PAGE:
Mr Cameron may have won the battle (albeit he was battling against his own army), but the war drags on, not least in the Mail which reports anger at Mr Cameron's non-attendance of Tuesday's debate. TheIndependent reports that the Lords will seek to water-down the Act through a series of amendments which Tory MPs hope will attract a party majority when they return to the Commons, forcing Dave's hand. I suspect he won't be for turning, no matter the implications for party governance. That there is a huge gap between parliament's perception of the importance of this issue and the public one (compare theIndependent's interview with Mike Freer and Rod Liddle's Sun column) is not something the Prime Minister seems to be concerned about. Instead it's the mods - and as the Guardian reports, Tory MPs backing the bill were overwhelmingly young (58% born after 1970) and female (70% supported or abstained) - vs the traditionalists. As Peter Oborne writes, it's tearing the party apart at the grassroots:
"He is aiming to fight the coming general election as if he were part of a presidential system. Voters will be invited to elect Mr Cameron personally, not the party he represents. Indeed, he is seeking to place himself above party...But Tory membership is sinking. According to a report by the House of Commons library, it now stands at between 130,000 and 170,000, down from around 250,000 when Mr Cameron became leader, and three million in the post-war period. MPs I spoke to yesterday believe they may have lost 10 per cent or so of their remaining members this week alone."
There will be a truncated by-election campaign in Eastleigh after Nick Clegg opted for a February 28th poll date. Their campaigning so far has been centred around the £600 tax cut which will come from the increases in the personal allowance over this Parliament. How very Thatcherite.
The Coalition's crusade to bring net immigration down to 100,000 a year always had one glaring problem, the inability of the British Government to refuse immigrants from Europe. As such the Mail's report that the UK is now the most popular destination in Europe for migrants and attracted 590,950 long-term immigrants in 2010 puts the target into some perspective. Although the latest net immigration figure is 186,000, it is the incredibly rapid churn from so many new arrivals which must surely make the Big Society and One Nation Labour very difficult to translate into action.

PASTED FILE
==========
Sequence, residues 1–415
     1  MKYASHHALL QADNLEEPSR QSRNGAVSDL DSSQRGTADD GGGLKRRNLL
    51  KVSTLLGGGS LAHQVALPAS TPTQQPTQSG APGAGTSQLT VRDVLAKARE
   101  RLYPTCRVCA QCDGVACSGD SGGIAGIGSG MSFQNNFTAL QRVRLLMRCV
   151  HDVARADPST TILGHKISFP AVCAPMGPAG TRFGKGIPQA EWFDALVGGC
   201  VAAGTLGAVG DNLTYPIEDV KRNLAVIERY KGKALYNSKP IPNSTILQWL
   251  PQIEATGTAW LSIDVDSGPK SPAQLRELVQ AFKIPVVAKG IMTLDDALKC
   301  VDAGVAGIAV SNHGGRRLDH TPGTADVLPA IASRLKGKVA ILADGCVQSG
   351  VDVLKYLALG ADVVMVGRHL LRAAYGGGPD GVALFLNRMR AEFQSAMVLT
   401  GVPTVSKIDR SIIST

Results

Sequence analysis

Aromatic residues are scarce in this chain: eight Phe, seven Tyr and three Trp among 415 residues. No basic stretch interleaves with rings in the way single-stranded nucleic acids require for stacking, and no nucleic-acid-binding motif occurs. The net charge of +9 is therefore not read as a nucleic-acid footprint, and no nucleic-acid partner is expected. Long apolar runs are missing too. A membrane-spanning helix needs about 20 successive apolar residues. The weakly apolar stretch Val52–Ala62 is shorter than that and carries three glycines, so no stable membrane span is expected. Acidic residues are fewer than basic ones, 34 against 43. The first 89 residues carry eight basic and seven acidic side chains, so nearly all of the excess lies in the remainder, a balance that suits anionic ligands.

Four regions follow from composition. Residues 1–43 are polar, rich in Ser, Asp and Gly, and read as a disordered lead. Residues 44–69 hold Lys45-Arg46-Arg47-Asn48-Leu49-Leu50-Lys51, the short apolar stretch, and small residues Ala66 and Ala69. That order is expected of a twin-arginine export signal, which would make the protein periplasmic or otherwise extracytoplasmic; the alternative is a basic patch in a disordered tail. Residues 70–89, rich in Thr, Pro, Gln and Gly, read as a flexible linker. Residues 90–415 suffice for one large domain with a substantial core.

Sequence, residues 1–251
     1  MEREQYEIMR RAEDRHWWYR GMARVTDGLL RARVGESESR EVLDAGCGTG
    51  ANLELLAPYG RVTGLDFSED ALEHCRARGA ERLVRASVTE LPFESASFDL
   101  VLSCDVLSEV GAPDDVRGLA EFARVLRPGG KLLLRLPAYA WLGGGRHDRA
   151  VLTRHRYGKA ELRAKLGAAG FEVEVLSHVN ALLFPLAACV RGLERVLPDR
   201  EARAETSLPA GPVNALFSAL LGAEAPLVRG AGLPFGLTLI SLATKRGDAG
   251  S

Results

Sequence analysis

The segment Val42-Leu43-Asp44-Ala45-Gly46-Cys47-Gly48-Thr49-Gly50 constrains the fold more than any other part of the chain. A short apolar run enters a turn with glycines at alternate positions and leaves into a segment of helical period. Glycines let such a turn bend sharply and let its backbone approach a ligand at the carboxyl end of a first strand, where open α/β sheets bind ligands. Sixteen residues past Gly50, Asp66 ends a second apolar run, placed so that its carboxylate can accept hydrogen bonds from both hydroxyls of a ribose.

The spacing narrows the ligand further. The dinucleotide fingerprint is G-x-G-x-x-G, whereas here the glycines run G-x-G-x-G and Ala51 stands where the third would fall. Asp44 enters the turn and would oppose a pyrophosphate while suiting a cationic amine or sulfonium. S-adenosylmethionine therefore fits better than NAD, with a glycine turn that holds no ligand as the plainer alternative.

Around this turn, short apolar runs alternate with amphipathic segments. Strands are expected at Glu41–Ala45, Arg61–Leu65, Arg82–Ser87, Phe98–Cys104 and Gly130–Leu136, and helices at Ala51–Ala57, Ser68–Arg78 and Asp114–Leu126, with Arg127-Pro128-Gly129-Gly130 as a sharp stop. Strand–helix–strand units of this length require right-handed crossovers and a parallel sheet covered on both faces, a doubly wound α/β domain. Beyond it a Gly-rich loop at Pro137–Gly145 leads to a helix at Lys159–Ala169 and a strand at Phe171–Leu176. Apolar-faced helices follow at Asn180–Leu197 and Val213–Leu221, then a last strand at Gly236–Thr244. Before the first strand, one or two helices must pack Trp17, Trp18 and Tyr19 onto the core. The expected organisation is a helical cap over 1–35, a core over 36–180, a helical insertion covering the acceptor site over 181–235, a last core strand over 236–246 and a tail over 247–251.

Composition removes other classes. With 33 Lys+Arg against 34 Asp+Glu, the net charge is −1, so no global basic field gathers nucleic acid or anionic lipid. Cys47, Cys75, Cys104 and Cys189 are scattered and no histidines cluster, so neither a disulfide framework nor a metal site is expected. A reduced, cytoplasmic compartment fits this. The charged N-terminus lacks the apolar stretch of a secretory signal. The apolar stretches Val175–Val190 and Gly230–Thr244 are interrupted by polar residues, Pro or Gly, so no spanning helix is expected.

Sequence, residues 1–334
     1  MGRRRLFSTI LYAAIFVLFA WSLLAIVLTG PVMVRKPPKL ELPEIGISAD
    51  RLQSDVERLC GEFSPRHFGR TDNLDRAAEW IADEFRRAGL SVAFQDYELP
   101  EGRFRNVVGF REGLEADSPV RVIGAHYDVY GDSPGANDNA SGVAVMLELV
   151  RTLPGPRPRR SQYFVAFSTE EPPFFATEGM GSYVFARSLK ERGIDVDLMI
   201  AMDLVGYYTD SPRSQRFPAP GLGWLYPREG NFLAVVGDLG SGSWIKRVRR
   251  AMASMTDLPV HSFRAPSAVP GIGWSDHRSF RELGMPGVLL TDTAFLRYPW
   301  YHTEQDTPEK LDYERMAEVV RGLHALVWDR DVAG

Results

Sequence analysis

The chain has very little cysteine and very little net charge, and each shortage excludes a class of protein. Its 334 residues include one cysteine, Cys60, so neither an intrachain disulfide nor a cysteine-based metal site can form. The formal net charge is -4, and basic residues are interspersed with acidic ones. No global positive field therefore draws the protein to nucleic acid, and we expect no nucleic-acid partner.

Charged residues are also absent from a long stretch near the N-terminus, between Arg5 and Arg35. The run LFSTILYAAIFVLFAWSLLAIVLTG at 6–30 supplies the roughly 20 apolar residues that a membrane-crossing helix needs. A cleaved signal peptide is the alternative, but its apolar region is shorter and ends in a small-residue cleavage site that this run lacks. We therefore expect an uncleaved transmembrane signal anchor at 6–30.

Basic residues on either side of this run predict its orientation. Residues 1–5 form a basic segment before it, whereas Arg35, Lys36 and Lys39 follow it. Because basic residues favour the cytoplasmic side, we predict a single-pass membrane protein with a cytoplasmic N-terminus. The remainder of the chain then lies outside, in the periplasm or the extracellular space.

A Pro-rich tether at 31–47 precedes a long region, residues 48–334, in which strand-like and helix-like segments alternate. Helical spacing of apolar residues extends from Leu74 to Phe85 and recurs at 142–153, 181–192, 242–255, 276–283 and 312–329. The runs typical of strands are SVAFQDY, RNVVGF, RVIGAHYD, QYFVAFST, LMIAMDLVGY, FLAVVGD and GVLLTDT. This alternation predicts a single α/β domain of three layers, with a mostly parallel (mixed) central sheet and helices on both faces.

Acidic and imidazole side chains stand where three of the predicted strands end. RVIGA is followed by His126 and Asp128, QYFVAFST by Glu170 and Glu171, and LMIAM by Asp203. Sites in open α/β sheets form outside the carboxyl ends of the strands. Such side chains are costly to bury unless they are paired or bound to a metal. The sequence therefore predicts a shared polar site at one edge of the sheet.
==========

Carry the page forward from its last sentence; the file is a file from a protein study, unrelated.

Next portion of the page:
Troops in Mali has become troops in Somalia, the Times (£) reports. The move is part of a plan to place British soldiers in the worst trouble spots as a preemptive check against Islamists. Mission creep, what mission creep?
Matt Ridley has won a by-election to take one of the seats allocated to Conservative hereditary peers in the Lords, the FT (£) reports. Lord Ridley, who was chairman of Northern Rock when it collapsed, beat a field of 26 others including Douglas Hogg.
Congratulations to all the winners of the first political book awards last night, especially the Telegraph's own and inimitable Matt Pritchett, who won Political Humour/Satire Book of the Year, and to Iain Dale for putting together what was evidently a village triumph (somewhere in my inbox is an invitation I forgot to reply to - sorry Iain!). Political Book of the Year was Caroline Shenton's book The Day Parliament Burned Down, while Ian Cobain won the debut award for Cruel Britania: A Sectret History of Torture.
Tonight's show comes from Stirling. The panel is Michael Moore, Charlie Falconer, Mary Macleod for the Conservatives, Humza Yousaf for the SNP and the Chief Executive of Stagecoach Group, Sir Brian Souter.

Do all political careers really end in failure? Not according to Paul Flynn:

@Paulflynnmp: "Chat between me and Cameron on our careers will be brief. Mine has been brilliantly successful. All I've ever wanted to be is a backbench MP"

In the Telegraph
Best of the rest

David Aaronovitch in The Times (£) - Confused of Westminster seeks a big idea
Steve Richards in The Independent - Sometimes money not reform really is the answer
Dominic Raab in The Guardian - A Tory type of fairness


TODAY: Prime Minister to attend European Council summit. Schools Minister David Laws announcement on schools.
09:45 am: Health Secretary Jeremy Hunt gives evidence to Commons committee on draft social care Bill. Committee Room 8, House of Commons.
09:45 am: New Bank of England Governor Mark Carney appears before the House of Commons Treasury Committee. Thatcher Room, Portcullis House.
10:00 am: Nick Clegg speech on taxation and fairness. Institute for Government, 2 Carlton Gardens.
10:30 am: Q&A with Plaid Cymru leader Leanne Wood. Room P, Portcullis House.
12:00 pm: Bank of England decision on interest rates and quantitative easing programme.
07:00 pm: Iraq War debate 10 years on. Clare Short, Haifa Zangana, Owen Jones and Mehdi Hasan will debate Bernard Jenkin, David Aaronovitch, Dr Ali Latif and Shiraz Maher over the invasion of Iraq. Great Hall, Richard Hoggart Building, Goldsmiths, University of London.